In ten years, will we look back on President Obama’s 2011 World AIDS
Day speech and see it as a turning point in the AIDS pandemic, or cringe at the
lost opportunity of a singular moment? The
President’s December 1 speech could be pivotal, but only if it is followed by
changes in how we tackle global AIDS.
Why was the Obama speech important?
The President declared that “we can end this pandemic,” calling out the
enormous potential following 18 months of startling scientific progress on
AIDS. He laid out ambitious new
targets for delivery of effective interventions, which, if
accomplished, could substantially reduce rates of HIV infection and
mortality. And in setting those targets,
Obama signaled a renewed U.S. commitment to funding for global AIDS programs at
a time when resources at home are constrained and other countries are backing
away from the fight. The first mission of
America’s global AIDS effort is to alleviate suffering and end AIDS; those
goals should drive resource allocation.
Now it’s time to
plot a course for implementing the President’s vision. We need to act quickly to take advantage of
reinvigorated leadership, aligning resources for tangible impact. Four things are critical to success and deserve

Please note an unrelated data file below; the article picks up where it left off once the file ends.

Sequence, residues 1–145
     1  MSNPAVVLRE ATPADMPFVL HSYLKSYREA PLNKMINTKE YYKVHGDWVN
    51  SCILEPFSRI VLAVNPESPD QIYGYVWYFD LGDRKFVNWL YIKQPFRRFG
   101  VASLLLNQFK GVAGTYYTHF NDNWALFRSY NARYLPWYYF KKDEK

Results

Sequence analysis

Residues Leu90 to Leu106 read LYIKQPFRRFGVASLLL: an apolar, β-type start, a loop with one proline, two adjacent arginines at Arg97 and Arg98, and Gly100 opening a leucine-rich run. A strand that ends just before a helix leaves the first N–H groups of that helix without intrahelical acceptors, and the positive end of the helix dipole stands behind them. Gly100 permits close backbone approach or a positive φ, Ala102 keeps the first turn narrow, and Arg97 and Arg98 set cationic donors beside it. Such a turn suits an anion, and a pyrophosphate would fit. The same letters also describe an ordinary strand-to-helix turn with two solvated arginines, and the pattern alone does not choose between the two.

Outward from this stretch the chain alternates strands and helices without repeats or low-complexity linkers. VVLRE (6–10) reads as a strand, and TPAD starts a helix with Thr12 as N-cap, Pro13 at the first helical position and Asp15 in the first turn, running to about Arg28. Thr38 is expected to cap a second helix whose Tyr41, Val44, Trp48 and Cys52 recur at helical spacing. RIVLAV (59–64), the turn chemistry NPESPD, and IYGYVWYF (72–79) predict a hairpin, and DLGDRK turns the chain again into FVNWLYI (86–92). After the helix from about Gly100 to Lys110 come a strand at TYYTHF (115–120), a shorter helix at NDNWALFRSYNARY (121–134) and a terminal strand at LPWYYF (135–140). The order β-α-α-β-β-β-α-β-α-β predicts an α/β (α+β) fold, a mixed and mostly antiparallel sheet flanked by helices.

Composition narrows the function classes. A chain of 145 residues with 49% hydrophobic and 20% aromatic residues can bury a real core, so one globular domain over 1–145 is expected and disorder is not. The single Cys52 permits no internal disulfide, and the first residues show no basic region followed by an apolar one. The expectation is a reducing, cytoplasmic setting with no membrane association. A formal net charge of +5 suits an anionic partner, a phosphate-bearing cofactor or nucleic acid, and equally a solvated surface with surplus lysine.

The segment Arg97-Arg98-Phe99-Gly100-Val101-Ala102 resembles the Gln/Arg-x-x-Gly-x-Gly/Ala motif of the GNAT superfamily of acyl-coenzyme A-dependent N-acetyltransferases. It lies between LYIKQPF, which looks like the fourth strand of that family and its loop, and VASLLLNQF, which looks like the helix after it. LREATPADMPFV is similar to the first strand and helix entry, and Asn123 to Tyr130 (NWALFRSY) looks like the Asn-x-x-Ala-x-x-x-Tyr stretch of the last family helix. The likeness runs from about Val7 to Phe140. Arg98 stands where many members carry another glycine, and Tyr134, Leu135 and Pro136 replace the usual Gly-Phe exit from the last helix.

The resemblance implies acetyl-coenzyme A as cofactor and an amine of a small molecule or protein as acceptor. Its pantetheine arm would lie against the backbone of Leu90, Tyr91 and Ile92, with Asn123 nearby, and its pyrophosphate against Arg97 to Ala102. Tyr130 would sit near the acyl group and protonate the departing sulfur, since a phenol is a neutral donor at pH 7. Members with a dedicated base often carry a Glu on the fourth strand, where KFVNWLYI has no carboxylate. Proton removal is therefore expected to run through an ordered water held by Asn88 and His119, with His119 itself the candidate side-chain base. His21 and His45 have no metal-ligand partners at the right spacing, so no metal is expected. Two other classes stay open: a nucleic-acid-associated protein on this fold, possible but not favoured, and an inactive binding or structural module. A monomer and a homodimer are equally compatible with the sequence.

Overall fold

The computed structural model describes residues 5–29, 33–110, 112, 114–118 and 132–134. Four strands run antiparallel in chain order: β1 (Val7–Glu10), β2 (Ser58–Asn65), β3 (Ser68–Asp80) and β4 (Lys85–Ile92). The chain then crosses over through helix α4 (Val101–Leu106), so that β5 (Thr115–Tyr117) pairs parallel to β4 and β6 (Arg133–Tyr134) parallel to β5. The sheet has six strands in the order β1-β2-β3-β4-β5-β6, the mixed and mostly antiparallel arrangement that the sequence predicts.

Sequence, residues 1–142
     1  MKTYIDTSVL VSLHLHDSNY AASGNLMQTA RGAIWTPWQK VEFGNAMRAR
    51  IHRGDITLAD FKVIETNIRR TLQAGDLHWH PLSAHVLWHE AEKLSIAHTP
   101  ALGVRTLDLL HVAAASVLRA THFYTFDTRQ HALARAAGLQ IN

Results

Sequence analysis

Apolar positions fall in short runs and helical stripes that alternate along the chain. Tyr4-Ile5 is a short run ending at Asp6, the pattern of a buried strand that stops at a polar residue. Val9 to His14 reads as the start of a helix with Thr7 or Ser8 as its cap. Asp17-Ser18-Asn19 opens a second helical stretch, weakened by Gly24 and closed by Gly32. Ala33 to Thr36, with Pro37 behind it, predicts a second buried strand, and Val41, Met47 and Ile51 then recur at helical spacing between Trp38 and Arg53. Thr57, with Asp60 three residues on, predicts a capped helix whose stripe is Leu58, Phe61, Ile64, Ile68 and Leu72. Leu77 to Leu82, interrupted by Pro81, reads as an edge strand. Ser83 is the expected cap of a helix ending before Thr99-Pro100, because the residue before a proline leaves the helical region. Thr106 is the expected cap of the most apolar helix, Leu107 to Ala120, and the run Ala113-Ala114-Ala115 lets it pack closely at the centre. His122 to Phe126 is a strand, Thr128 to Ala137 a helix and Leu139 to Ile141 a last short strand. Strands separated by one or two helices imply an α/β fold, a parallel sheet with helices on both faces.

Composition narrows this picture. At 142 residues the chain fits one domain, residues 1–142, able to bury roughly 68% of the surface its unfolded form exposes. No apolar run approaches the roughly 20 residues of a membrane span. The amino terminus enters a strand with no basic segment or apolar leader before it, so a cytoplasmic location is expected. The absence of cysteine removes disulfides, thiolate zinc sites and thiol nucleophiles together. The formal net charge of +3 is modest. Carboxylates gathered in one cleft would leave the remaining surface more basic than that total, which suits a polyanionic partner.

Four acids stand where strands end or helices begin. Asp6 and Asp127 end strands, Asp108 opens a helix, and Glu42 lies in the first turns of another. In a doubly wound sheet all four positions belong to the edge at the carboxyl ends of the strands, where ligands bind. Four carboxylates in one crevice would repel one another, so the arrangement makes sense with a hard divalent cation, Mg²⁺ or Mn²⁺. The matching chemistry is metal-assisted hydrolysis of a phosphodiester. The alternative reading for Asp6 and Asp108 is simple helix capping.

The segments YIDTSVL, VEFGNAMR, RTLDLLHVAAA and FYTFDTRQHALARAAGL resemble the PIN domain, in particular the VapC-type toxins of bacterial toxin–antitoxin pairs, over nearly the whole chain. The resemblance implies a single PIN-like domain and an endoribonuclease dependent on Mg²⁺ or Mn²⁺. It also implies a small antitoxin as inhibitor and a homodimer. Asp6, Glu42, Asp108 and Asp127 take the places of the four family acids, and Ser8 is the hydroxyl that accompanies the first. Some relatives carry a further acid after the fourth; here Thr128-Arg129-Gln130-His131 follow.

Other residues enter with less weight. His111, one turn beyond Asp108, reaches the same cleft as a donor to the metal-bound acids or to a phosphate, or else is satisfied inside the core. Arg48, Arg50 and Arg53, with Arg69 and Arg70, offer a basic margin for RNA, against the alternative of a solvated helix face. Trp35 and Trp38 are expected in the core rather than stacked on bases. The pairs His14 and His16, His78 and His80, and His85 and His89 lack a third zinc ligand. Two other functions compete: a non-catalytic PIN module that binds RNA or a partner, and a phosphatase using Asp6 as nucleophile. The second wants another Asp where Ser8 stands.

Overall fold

immediate attention: strategic decision making, increased funding, balancing
global targets with attention to the most vulnerable, and research.
First, a new era of efficiency
and strategic resource allocation is needed. An increased share of AIDS resources needs to
reach programs on the ground, and that funding needs to be used for maximum
impact. An AIDS-free generation requires
a shift in resource allocation approaches; ideally, each country would start
each year with a clean-slate budget and determine how to use money most
effectively based on the latest science, epidemiology, and evidence of impact.
We also need to more widely and better use economic modeling to make
evidence-based decisions about recourse allocation. These models are increasingly influential,
and they need to be designed thoughtfully. Choosing the questions and
assumptions that are punched into the computer makes all the difference. It is not enough for models to focus simply
on how we might reduce incidence when the goal of the global AIDS response is
broader: to reduce infections, morbidity, and death.